History shows that laws often happen when the time is ripe. A new book looks at the many different impacts of time and timing on lawmaking today and what it means for tomorrow.
In law, timing is everything, but not necessarily in the ways that first come to mind. A new book entitled The Timing of Lawmaking explores the question from a number of often surprising angles. The relationship between law and time is rich, complex and constantly evolving. At its core, ‘The Timing of Lawmaking’ goes directly to the heart of the most basic of legal debates: when should we respect the past, and when should we make a clean break for the future?
Frank Fagan, Associate Professor of Law at EDHEC Business School, was a contributing editor of this latest work. As he points out, contemporary lawmaking and political practice can be characterized by “crisis, emergency, and short-term efficiency at the expense of longer‑term social goals.” In other words, the pressure of time can have ultimately adverse effects. We sometimes see this across federal budgets, climate change, banking regulation, and even criminal sentencing. In examing law’s relationship with time, the book asks questions such as when is law durable, why do judges often look to the past, and how can lawmakers innovate for the future?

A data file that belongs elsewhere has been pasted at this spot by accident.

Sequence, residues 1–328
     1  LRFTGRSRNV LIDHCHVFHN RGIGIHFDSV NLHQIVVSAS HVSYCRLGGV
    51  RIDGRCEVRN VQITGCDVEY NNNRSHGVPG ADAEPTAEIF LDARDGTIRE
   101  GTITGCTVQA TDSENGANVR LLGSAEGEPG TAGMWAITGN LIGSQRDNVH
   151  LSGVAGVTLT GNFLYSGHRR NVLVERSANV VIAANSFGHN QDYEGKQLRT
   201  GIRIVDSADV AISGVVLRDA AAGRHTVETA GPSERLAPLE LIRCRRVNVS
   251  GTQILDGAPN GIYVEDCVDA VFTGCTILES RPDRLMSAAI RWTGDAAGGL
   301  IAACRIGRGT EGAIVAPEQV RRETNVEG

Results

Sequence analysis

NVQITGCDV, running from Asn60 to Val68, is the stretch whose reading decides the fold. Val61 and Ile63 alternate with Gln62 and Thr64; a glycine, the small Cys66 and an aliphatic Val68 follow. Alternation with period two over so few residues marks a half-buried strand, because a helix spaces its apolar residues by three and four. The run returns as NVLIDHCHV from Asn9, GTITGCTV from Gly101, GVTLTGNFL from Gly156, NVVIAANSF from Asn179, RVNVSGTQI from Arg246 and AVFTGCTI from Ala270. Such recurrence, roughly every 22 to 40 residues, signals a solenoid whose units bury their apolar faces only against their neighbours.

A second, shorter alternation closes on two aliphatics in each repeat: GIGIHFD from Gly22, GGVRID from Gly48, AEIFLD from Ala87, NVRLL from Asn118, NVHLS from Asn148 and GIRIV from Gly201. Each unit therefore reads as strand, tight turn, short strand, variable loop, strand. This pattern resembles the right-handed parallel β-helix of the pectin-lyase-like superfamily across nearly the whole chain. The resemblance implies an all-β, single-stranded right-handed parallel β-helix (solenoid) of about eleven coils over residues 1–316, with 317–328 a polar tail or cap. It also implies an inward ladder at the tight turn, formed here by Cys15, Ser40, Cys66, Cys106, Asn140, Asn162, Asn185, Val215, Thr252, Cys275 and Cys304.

The law through time
Time can make its appearance in law as a deadline, as with the two-year countdown to Brexit triggered by Article 50. Do such mechanisms succeed at overcoming bureaucratic inertia? One of the book’s contributors develops a model of self-executing statutes which, in the future, legislators may prefer: it would work by announcing a start date for new legal norms, rather than requiring further regulatory action for norms to take effect. In addition to considering time as a lawmaking device, a number of chapters dive deeper into the architecture of law.
One complex example, in the context of sexual consent, asks when plaintiffs should be able to exercise retroactive discretion. Casting its net wide, the book draws from leading scholars in constitutional law, administrative law, jurisprudence, philosophy, law and economics, environmental law, and tax policy. Alongside EDHEC’s Frank Fagan, the book’s authors represent a variety of institutions including: Harvard University; New York University; University of California, Berkeley; University of Chicago; and the University of Toronto.